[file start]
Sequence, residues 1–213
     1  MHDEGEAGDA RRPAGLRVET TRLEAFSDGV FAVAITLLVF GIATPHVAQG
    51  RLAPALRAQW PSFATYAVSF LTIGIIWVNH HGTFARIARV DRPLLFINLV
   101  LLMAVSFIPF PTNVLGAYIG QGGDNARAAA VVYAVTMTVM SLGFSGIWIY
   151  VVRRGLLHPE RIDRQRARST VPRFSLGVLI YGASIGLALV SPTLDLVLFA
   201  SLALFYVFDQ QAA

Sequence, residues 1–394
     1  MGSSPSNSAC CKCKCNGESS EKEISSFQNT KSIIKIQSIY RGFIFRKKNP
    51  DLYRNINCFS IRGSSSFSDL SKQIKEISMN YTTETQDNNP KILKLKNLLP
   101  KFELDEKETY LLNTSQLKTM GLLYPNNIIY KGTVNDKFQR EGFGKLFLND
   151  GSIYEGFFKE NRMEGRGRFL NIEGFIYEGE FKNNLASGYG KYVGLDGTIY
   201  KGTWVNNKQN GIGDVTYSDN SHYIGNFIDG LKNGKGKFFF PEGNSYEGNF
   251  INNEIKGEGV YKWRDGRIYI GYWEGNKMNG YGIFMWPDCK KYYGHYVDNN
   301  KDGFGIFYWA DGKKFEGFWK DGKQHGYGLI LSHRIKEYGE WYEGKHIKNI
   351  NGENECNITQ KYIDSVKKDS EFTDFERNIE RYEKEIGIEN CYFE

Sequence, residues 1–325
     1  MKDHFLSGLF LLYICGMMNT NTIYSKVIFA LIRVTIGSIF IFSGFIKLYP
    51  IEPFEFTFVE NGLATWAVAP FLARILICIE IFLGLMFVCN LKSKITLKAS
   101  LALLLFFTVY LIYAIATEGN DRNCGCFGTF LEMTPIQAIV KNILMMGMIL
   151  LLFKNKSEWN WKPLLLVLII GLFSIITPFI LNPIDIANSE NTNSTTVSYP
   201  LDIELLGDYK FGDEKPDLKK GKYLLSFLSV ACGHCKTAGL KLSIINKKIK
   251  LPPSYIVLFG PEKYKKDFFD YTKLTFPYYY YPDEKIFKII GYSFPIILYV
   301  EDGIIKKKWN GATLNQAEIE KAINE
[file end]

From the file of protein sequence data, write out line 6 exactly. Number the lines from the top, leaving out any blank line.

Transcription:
   201  SLALFYVFDQ QAA